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The Battalion

The Student News Site of Texas A&M University - College Station

The Battalion

The Student News Site of Texas A&M University - College Station

The Battalion

Texas A&M Aggies guard Tyrece Radford (23) blocks Arkansas Razorbacks guard Tramon Mark (12) during Texas A&M’s game against Arkansas on Tuesday, Feb. 20, 2024, at Reed Arena. (Ishika Samant/The Battalion)
Free falling
February 20, 2024
Jace LaViolette (17) an Head Coach Jim Schlossnagle celebrating a home run during Texas A&Ms game against UIW on Tuesday, Feb. 20, 2024 at Olsen Field. (Hannah Harrison/The Battalion)
GALLERY: Baseball vs. UIW
February 20, 2024
Texas A&M Aggies guard Tyrece Radford (23) blocks Arkansas Razorbacks guard Tramon Mark (12) during Texas A&M’s game against Arkansas on Tuesday, Feb. 20, 2024, at Reed Arena. (Ishika Samant/The Battalion)
Free falling
February 20, 2024
Jace LaViolette (17) an Head Coach Jim Schlossnagle celebrating a home run during Texas A&Ms game against UIW on Tuesday, Feb. 20, 2024 at Olsen Field. (Hannah Harrison/The Battalion)
GALLERY: Baseball vs. UIW
February 20, 2024

Trial questions senator’s actions

What began as an appeal to the Student Government Association’s Judicial Court regarding fair practices in senate morphed into an expedited trial Monday on the legal scope of the judicial branch.
The trial was a response to an appeal claiming that Cary Cheshire, Student Senate finance chair, “evaded” requests for a funding hearing, specifically for the hearing where Fish Aides was to present its request for Big Banquet fundng, an annual custodian appreciation luncheon. The appeal was authored by student senator Gracie Wood in hopes of obtaining court orders to move the allocation bill regarding Fish Aides to the Student Senate floor Wednesday, the last day that Student Senate may allocate funds.
The prosecution argued that Cheshire, because of a personal bias against Fish Aides, made the request for a hearing to appeal for funding for the custodial banquet impossible. In the trial, Wood said Fish Aides did not want to submit the case, but felt there was no
other option.
Wood cited the appropriation portion of the senate bylaws, which state “the finance committee shall conduct hearings to consider any funding requests.”
“We in fact will not receive a hearing without J-Court’s help,” Wood said. “That is against the bylaws. Him holding [the hearing] hostage causes us to not receive a hearing and that will break the bylaws.”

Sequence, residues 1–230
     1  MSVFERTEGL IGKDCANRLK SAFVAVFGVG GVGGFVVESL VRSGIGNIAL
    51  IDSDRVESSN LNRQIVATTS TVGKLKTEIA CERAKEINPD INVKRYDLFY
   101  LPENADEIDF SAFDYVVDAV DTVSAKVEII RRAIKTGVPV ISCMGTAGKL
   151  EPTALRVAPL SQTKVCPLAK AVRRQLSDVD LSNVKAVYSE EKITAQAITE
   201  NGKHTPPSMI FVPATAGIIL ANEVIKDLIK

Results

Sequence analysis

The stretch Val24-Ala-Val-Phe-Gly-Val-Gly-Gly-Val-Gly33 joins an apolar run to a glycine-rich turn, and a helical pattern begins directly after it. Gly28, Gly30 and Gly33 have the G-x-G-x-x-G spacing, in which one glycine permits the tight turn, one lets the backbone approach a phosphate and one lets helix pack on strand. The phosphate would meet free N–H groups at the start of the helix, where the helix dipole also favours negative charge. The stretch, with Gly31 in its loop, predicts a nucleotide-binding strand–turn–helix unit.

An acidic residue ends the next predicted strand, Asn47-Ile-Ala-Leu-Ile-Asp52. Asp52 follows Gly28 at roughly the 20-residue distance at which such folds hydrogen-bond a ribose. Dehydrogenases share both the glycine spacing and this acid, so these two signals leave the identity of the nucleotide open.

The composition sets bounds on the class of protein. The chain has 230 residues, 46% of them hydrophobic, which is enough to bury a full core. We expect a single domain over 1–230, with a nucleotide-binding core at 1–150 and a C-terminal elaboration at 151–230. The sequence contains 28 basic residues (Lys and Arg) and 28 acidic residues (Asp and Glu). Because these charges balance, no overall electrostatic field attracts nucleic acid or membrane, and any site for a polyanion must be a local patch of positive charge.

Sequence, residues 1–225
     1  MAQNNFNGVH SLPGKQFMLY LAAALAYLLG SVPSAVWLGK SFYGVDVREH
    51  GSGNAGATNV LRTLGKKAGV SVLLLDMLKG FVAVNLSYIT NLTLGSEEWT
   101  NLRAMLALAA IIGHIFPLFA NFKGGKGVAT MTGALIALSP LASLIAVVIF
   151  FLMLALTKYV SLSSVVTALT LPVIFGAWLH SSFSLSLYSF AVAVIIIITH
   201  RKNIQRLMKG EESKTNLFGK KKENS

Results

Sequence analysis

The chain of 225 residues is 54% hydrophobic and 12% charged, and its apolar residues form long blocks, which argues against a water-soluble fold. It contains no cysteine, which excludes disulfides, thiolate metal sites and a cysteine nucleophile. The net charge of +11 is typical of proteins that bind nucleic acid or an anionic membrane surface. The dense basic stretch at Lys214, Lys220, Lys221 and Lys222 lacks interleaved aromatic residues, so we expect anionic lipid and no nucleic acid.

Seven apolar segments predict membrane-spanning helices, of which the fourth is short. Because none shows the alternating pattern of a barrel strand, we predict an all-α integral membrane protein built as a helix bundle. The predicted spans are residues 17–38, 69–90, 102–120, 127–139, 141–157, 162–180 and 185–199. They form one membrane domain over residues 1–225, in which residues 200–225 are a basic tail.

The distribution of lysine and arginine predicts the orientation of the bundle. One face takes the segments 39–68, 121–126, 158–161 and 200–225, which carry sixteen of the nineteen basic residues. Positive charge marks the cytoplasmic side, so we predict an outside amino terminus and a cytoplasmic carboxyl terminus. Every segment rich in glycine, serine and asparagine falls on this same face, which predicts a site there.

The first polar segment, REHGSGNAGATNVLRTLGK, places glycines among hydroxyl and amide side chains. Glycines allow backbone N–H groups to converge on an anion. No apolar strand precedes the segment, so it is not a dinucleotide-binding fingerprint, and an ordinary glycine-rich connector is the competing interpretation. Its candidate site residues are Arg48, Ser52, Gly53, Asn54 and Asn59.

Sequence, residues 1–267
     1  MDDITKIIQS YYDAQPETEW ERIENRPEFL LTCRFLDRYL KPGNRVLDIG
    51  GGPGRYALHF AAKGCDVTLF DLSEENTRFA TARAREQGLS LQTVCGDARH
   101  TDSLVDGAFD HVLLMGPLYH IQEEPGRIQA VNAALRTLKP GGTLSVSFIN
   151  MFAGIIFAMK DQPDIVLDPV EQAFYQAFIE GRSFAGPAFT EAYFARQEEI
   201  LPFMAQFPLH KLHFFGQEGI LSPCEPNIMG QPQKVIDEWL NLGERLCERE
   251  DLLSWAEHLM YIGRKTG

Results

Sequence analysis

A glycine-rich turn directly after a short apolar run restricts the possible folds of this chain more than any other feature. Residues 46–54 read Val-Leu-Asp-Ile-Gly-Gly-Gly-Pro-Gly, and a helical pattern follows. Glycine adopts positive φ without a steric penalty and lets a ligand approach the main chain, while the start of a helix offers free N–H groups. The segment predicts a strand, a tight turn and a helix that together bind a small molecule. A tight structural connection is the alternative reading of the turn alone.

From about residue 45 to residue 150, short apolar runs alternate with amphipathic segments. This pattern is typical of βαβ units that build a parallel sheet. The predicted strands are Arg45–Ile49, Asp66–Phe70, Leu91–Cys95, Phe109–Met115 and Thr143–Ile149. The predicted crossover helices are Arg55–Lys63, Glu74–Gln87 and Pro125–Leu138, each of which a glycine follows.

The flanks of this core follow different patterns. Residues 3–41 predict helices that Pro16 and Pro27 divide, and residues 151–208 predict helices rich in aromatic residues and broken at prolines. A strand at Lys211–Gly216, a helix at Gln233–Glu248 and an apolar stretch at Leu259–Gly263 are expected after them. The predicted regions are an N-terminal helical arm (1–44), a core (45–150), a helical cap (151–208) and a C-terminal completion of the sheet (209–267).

In defense, Cheshire argued that Wood’s request to push the bill to the Student Senate floor was not in the bounds of J-Court’s authority, as the judicial branch can only rule on the constitutionality of situations.
“We are not here to decide whether or not Fish Aides deserves money, whether or not they’re a great committee, whether or not the SGA banquet or Big Banquet is a good idea,” Cheshire said. “We’re not here to decide whether or not I’m a nice person. We’re not here to decide if I’m a professional person. We’re here to decide if I violated the constitution and I don’t believe that I have.”
Cheshire said a hearing had not been held because he did not receive February financial reports from Fish Aides until April 7, past the deadline in March. Cheshire said there were line-item errors in this report by the time he received it and that he was working with an executive staff member to resolve this problem at the time the trial was called.
Cash Fields, director of Fish Aides, said Fish Aides had in fact turned in this financial form on time and that the executive office was responsible for the late filing.
“If there’s anyone to be punished by Chair Cheshire’s power as a finance chair, it should be the executive cabinet, who’s the one who made the mistake, and not the committee who turned our things in on time,” Fields said.
J-Court has 72 hours to come to a decision. Justice Brenton Cooper said the decision could have lasting implications on the Student Senate.
“I’m a bit concerned that if we decide in [the plaintiff’s] favor today, the court will essentially be interjecting itself into the policy-making process of the Student Senate,” Cooper said.

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